• Make sure your finances are in order. Do you have direct deposit set up (which is the best option and sometimes the only option for overseas pay)? For many overseas contractors, they’re making well into six figures. Furthermore, you’re first $100,000 is tax-free. If it’s a larger income than you’re used to, do you have preparations for spending and saving? Should you contact a financial adviser to assist you and your family in dealing with a higher income while you’re away?
  • Research the culture of the country you’re going to be working and living in. It’s also beneficial to learn the language as much as possible prior to leaving.
  • Brief yourself on the risks, work requirements, or mission and goals of your job; attend any safety training and/or any other training relevant to your job and contract.
  • Obtain your passport and Visa and any other travel documents.
  • Gather information on clothing and supplies (personal items, equipment) you are responsible for and required to have prior to leaving for your overseas job.

Understand the Risks of Civilian Contractor Jobs Overseas

Civilian contractor jobs overseas are not the same as civilian jobs in the United States. Even if you are a civilian working on military bases, your job presents risks that are unique and need to be understood fully. Risks to personal safety are especially high in hot spots such as a war zone or ground zero for a natural disaster. If you’re a security contractor, you’ll be at the same risk as a soldier stationed in such areas as Afghanistan or Iraq. Although performing different duties, both military and civilian contractors often have the same types of risks if they work in the same area.

Before you sign your contract or before you leave for your post, you need to review these risks and dangers carefully and take the necessary precautions to protect yourself. This is especially important if you have loved ones that you are leaving: review life insurance policies, wills, death benefits, and injury benefits. Make sure that both you and your spouse or children, and qualified dependents, know what to do should the worst happen to you.

You should also ask yourself if you’re prepared to manage those risks of danger, and also how to prepare. Does your contract employer have guidelines? Can you speak with other contractors and find out how they prepared? If something should happen to you, have you prepared your loved ones?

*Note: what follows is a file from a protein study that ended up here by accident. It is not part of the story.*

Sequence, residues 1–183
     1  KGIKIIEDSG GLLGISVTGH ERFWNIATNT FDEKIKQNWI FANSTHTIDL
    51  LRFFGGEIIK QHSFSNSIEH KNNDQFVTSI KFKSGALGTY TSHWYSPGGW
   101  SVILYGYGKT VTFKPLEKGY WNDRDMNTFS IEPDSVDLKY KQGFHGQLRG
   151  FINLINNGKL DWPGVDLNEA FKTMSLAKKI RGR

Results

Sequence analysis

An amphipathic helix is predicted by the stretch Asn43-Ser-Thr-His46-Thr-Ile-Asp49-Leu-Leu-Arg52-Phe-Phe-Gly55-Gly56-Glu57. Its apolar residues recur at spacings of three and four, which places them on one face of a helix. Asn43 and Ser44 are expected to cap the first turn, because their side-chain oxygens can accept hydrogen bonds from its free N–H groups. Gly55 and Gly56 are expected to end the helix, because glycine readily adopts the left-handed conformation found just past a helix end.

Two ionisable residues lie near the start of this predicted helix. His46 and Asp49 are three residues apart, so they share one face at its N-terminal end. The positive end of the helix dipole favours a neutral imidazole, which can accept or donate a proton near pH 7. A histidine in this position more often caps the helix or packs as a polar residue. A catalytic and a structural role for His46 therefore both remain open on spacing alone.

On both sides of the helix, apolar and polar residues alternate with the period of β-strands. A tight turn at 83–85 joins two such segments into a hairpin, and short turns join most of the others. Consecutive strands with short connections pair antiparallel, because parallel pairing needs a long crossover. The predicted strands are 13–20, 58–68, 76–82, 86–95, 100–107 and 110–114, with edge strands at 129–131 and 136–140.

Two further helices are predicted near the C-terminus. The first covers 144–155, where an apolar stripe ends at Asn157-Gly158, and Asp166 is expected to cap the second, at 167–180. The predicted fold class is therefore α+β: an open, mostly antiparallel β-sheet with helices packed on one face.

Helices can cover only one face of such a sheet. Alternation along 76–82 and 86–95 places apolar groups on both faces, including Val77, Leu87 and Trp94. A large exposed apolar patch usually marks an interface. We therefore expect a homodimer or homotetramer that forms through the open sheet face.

Know Your Rights and Benefits of the Defense Base Act

Because overseas civilian contractor jobs are unique, specific laws and acts have been passed that apply only to eligible contractors. One act in particular, the Defense Base Act (DBA), was passed to protect overseas contractors that work for companies under contract with the Department of Defense, the United States military, or under a public work or Foreign Assistance Act contract. The DBA protects the workers’ compensation rights of yourself should you become injured while working overseas.

The Defense Base Act contains a lot of information that might be confusing or you might not understand. Moreover, even if you do understand the details of this Act and your benefits, you might still run the risk of either losing your benefits or accepting a low settlement as insurance companies attempt to save money. This is why should you become injured while working overseas, you’ll want to understand how to protect yourself and your benefits. You’ll want to know your rights and how to file a DBA claim before you even get injured.

  • Keep all your pay stubs, employment paperwork, contract, and any communication between you and your supervisor, manager, or employer.
  • File an injury report as soon as humanely possible; and keep a copy for yourself. Email is often best when you are overseas.
  • Know who you’re working with at all times as they could provide a key witness testimony if necessary.
  • Keep all medical documentation even if you think it’s unnecessary. It’s better to keep it and not need it than the reverse.
  • Contact a DBA attorney as soon as possible so that you have an expert on your side of the table.

Overseas Preparation and DBA Claims

The hopes are for anyone that they will never need to file a DBA claim. However, accidents can befall even the most experienced and cautious contractor or operator. In the event that you do get injured, or worse, you or your loved ones should know who to reach out to for support in the DBA claim process. You need to know who can help protect and fight for your rights and the compensation you deserve.

The attorneys at Moschetta Law focus on Defense Base Act cases. We know the ins and outs of the process and what needs to be done to win. If you need to file a claim, understand your benefits better, or need representation, contact our offices today.